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Ambiguous Critique of Consumerism’s Tight Embrace

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Martin Basher at Starkwhite: STATES OF PEACE AND CALM W. PERSONAL TOUCH + EASY ORDERING, and SHAKY HANDS / GOOD DEALINGS Martin Basher: SUN GOES DOWN EASY AND YR CHILLED SPIRIT WITH IT and SHAKY HANDS/ NICE PEOPLE Installation at Starkwhite Martin Basher, SHAKY HANDS / FINE INTENTIONS and ABSTRACT FADE 3# (LATE NIGHT MOTEL TV) On far right, LONG DAYS JOURNEY INTO NIGHT /2 DAY SHIPPNG (THE PERFECT SUNSET) Installation at Starkwhite. Installation view of Martin Basher's public art work Minimal Consumption/Reflective Sublime/Aspirational Sunset Art, commissioned by the Public Art Fund, NYC for the exhibition TOTAL RECALL at the MetroTech Plaza, downtown Brooklyn. Installation view of Martin Basher's public art work Minimal Consumption/Reflective Sublime/Aspirational Sunset Art, commissioned by the Public Art Fund, NYC for the exhibition TOTAL RECALL at the MetroTech Plaza, downtown Brooklyn. Installation view of Martin Basher's public art work Minimal Consumption/Reflective Sublime/Aspirational Sunset Art, commissioned by the Public Art Fund, NYC for the exhibition TOTAL RECALL at the MetroTech Plaza, downtown Brooklyn.

That these images are painted is obviously something Basher intends to be built in to their meaning. He could have made them photographically, or used tweaked readymades, but he here seems to think it is important that they are skilfully hand painted - being marketable commodities that perpetuate the same consumerist values he is attacking. This is confirmed by the contents of his New York sculpture-vitrines.

Auckland

 

Martin Basher
STATES OF PEACE AND CALM W. PERSONAL TOUCH + EASY ORDERING

 

6 November - 27 November 2010

Continuing with his interest in global consumerism and the commercial manipulation of desire and romantic fantasy, Martin Basher further develops ideas earlier explored in his first two exhibitions at Starkwhite. Here, in this presentation of nine oil paintings, there are three sorts of image: tropical beaches at sunset, sometimes with the obligatory embracing lovers or silhouetted palm tree; clasped hands being shaken; ‘optical’ abstractions of interlocking dark vertical bars.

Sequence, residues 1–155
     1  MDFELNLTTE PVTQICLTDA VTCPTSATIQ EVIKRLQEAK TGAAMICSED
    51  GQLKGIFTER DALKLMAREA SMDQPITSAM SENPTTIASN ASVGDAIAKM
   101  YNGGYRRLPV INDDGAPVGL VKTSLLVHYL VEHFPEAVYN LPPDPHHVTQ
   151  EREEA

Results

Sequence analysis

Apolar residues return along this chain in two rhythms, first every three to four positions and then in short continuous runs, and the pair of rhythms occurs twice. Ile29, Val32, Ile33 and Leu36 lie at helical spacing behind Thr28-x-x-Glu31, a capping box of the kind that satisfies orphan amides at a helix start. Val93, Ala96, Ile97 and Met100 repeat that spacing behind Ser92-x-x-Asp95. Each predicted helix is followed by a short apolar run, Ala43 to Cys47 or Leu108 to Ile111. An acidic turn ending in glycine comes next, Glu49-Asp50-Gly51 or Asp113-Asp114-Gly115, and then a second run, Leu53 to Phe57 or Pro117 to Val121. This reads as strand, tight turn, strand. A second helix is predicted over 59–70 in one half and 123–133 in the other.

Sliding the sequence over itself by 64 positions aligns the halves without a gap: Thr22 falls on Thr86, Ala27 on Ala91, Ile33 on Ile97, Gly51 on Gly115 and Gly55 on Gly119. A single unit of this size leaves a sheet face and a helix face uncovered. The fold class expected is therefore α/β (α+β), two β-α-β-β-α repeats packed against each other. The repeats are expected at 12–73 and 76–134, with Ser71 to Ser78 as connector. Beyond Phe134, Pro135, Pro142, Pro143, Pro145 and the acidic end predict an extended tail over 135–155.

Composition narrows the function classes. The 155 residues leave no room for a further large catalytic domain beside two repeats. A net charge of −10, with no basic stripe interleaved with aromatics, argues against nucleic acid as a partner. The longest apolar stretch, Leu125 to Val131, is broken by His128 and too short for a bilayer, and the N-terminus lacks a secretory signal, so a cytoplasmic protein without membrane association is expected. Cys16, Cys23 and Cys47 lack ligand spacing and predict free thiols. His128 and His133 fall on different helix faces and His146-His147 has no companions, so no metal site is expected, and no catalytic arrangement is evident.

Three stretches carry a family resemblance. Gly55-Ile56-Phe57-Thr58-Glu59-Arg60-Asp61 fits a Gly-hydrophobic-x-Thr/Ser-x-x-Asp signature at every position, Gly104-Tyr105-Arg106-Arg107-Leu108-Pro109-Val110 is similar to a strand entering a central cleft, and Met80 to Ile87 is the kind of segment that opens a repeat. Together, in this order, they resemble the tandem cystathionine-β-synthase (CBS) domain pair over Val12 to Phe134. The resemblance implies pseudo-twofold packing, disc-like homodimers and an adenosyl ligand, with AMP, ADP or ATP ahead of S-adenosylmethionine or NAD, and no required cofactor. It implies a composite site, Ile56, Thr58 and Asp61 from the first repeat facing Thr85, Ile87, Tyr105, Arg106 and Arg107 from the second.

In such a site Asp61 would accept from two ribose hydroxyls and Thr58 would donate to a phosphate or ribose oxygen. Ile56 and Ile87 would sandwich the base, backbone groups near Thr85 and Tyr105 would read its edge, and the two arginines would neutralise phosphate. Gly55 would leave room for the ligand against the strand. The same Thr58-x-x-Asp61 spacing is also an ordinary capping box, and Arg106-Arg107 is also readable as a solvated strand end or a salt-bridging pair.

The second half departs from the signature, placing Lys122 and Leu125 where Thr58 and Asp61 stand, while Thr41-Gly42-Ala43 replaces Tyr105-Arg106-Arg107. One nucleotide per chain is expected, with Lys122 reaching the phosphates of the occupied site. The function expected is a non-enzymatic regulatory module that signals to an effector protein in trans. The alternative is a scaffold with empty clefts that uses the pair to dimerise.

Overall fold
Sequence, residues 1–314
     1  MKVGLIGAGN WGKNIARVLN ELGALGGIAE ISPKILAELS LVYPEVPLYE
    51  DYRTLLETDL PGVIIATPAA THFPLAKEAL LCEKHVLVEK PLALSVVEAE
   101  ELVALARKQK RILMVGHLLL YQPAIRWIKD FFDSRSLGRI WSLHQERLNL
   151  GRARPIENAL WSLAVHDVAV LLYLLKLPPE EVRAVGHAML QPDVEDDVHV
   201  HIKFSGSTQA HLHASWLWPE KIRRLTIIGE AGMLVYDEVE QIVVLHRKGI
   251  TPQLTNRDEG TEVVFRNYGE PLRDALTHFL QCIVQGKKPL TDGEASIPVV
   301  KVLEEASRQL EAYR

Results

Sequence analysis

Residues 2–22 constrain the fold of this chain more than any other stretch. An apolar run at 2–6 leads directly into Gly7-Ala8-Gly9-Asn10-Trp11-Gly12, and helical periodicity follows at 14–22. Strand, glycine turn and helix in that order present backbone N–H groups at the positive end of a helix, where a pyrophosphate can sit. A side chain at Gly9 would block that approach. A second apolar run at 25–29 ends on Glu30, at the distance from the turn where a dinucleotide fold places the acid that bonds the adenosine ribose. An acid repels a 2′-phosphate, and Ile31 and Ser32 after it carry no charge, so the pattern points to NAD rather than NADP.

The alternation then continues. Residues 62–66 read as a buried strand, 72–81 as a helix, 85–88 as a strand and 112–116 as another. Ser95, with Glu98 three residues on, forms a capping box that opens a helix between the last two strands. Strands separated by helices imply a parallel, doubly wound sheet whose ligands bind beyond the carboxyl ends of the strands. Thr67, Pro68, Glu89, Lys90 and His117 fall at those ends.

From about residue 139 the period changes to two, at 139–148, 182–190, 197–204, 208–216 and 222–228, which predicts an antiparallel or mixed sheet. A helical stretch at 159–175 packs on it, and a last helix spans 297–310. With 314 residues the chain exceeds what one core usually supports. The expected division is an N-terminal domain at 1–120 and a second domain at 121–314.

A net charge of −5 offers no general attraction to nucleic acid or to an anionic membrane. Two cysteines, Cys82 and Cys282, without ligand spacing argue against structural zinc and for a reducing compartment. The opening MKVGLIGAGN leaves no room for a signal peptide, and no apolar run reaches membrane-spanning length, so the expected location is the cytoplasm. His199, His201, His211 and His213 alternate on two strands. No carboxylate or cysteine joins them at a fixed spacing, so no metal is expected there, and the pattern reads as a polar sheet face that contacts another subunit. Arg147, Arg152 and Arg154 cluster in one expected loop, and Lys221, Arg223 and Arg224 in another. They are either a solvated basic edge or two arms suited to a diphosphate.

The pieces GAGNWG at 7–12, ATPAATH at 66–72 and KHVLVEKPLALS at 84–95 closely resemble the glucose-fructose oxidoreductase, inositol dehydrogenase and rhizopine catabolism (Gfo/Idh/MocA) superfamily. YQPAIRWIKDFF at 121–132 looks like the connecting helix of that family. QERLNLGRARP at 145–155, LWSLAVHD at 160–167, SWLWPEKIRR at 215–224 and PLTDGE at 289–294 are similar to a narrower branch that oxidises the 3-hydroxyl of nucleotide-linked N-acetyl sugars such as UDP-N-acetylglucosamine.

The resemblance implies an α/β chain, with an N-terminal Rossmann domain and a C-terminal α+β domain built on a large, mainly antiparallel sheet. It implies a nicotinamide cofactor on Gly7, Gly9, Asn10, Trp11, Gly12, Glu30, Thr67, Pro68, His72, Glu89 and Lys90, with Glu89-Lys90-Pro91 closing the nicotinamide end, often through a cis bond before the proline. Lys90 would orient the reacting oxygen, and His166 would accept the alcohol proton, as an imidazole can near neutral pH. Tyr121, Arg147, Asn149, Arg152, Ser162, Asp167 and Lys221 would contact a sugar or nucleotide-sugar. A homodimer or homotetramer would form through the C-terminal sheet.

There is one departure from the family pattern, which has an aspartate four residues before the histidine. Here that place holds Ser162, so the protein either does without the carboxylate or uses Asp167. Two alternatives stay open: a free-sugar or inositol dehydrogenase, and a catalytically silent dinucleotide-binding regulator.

Made during a residency at the McCahon cottage in Titirangi, these brushed on images come from webwide digital surfing, not local sandy locations or sets with models. The paintings are conceptually linked to an exhibition Basher is participating in of public sculpture (Total Recall), held right now in New York as part of the Public Art Fund. He is the first New Zealander to participate in that project.

His works consist of three very large cubes of one way mirror glass that cannot be looked into by day but which reveal their contents at night via internal illumination. They contain other Basher paintings, some posters, and various luxury goods displayed as if for sale.

Basher’s Starkwhite show conceptually interacts with this. The mirrored surfaces are a parallel to the abstract bar paintings that alternate between light and dark and often have a transitional zone in their centres of shimmering tonal variation. One larger work, THE SUN GOES DOWN EASY AND YR CHILLED SPIRIT WITH IT, besides commenting on touristic escapism, references ‘freedom’ with its prison bars and sunsets under cloudless skies. The smaller abstractions are fascinating spatially, with the lines clinging to the flatness of the modernist picture plane while also hinting at projection. They are also sinister like wire egg-slicers or collapsible like slatted wooden stools.

The other paintings have oscillations that are not visual but semantic. The hand shakes (loadedly called SHAKY HANDS) feature hands of different races, genders and ages. Traditionally shaking hands is done with right hands but here some left ones are included, as if to undermine the meaning of the contractual or introductory/friendly acts depicted. To smirk at such declarations of good faith and sincerity.

The two beach images are just as ambiguous. The palm tree one consists of two frames from a film, denying its ability to serve as a ‘realistic’ illusion while the other of a couple hugging has the man given a compacted head shape that is slightly odd (vaguely simian) for Hollywood templates of masculine beauty.